How to Prepare Acceptable Trademark Clothing Specimens of Use

What kinds of trademark clothing specimens are acceptable?

An acceptable specimen of use for trademark application covering clothing items can be especially tricky. USPTO trademark examining attorneys want to see the mark in certain areas for articles of clothing that might not be obvious. Merely showing the mark on the front of the clothing item may lead to a rejection called an ornamental refusal. Keep in mind this peculiar rule when submitting trademark clothing specimens of use.

Need help with submitting the right clothing specimens? Email Vic at and include your trademark application number, or call (949) 223-9623 to find out how we can help.

What is an ornamental refusal?

A specimen for a clothing item may be rejected for consisting of an ornamental display or feature of the mark. For example, submitting a specimen showing the mark on the front of a T-shirt or hat may result in an ornamental refusal. An ornamental refusal occurs when the USPTO believes the mark shown on the clothing item serves an ornamental purpose (e.g., looking good) and fails to identify the source of the goods.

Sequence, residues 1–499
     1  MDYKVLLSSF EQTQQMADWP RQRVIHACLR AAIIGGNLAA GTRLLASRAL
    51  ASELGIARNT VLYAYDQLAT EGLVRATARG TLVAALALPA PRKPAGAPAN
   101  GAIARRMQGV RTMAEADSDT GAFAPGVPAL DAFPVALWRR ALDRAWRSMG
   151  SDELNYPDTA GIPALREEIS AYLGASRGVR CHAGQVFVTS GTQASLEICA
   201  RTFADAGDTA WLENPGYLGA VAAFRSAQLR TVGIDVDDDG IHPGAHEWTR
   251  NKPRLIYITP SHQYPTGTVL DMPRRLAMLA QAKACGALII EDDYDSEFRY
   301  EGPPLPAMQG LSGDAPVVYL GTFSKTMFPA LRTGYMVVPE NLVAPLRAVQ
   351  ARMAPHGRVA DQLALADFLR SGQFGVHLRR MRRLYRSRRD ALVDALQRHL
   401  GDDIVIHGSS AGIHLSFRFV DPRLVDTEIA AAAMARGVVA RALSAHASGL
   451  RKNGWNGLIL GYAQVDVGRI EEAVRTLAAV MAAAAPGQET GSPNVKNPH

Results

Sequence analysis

If the mark is shown in a smaller size on the pocket or breast portion, such a shirt or other clothing top might be acceptable as a clothing specimen. Various factors come into play such as the size and dominance of the mark, as well as the location on the clothing item.

Where should the mark be displayed?

For clothing tops, the mark should be displayed on inner tags such as tags around the neck opening. If your clothing items are tagless, it may help to display the mark on the inner surface of the clothing top.

If your clothing product uses a hangtag, then it would certainly help to show the mark on the hangtag.

How to reduce risk of rejection of clothing specimens

There are certain strategies to reduce or minimize the risk of a rejection of your clothing specimens in your trademark application. At the outset, consider filing an Intent-To-Use (ITU) application if you suspect that your current examples of usage may be insufficient or potentially defective. An ITU avoids the need to submit specimens upfront, and provides the applicant with flexibility to identify a variety of clothing items that have not yet been sold.

If and when you do file a use-based application, then try to submit multiple specimens of clothing items where the mark is not being shown in an ornamental or fashion manner. That way, if certain specimens are rejected, you will have at least one backup specimen which will hopefully be accepted. You only need to submit one acceptable specimen for Class 25.

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